I faded out of blogging here, and anywhere, basically because I was breaking up with the internet. I continued to read a few people sporadically, but I stopped commenting, stopped participating in forums, stopped reading current events with a mind to what my personal spin on it would be. It was just all feeling so repetitive and routinized, finding yet another representative example of something that manifested the same political or personal outrage I had expressed elsewhere. I can’t remember the last time I read a comment thread or followed the links around a blog war, and when I do, I couldn’t even muster the energy to react, emotionally or intellectually. The spark, I suppose, was gone.
But I miss writing not-for-school, and whatever my intentions may be, I never seem to make the time to do it except when I’m posting it on a blog. So I’ve decided to try to go back to using it as a space for writing, rather than blogging per se. I’ve noticed a pattern among bloggers I continue to read and admire (Lisa, for example, or the absolutely indomitable bfp), which is that while they write on blogs, they don’t lose the message for the medium, as it were.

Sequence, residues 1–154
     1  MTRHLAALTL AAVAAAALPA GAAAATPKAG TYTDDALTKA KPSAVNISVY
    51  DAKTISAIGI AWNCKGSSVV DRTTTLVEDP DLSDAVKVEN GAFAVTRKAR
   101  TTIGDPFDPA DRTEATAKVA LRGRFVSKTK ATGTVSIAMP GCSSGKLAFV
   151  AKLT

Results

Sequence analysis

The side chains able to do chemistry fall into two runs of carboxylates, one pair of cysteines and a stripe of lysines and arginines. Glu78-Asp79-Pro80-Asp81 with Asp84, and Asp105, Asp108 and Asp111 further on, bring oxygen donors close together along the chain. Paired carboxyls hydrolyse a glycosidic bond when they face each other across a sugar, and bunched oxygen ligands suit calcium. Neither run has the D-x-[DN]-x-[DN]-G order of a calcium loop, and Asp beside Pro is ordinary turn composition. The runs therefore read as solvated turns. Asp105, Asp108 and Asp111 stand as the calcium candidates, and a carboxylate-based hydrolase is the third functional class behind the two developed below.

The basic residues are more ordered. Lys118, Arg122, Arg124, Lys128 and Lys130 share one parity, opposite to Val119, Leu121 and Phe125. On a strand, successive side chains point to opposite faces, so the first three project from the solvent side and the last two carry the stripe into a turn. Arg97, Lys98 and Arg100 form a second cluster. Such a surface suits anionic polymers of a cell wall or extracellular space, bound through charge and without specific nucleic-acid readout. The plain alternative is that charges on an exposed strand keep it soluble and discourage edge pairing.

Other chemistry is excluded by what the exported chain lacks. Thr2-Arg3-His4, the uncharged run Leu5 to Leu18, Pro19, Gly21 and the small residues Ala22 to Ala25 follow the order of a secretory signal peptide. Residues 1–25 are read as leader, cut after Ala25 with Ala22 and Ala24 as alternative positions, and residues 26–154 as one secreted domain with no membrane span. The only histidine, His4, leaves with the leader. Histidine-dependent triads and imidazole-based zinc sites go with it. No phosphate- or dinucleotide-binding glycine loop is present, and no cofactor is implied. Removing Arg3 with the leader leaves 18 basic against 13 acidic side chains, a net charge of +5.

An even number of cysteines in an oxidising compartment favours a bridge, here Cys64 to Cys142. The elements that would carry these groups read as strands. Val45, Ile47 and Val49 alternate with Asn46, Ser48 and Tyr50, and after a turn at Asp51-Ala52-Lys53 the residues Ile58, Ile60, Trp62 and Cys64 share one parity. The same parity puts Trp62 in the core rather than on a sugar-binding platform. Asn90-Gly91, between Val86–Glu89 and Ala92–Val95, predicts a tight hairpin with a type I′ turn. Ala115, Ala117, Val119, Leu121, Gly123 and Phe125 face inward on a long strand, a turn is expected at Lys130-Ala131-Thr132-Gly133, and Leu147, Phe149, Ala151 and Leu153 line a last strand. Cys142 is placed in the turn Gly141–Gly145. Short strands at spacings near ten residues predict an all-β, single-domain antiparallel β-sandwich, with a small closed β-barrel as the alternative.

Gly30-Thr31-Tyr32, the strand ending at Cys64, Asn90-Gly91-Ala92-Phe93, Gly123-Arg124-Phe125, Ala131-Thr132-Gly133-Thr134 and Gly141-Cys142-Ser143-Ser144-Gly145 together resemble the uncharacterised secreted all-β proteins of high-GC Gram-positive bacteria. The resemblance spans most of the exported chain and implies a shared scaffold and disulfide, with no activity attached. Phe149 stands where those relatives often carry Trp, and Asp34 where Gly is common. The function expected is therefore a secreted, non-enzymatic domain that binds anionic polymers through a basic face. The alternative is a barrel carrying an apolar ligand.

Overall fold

At one point, blogging allowed me to exercise my intellect, to find space for critical thinking and cultural critique and questioning and consideration when I was no longer in school. As I became a student again, it got more and more challenging to blog in that way, not only because time became more scarce, but because I was using that kind of energy constantly for school. Not to mention the fact that I was learning so much, it felt like whatever I could capture in short, blog-length entries was a woefully inadequate representation of my thought processes and conceptualizations as they had become. Now, what I’m lacking is writing-just-to-write, without a sense of rigid expectations and structures and scrutinized argument.
I miss it, and apparently, on some level, I need it.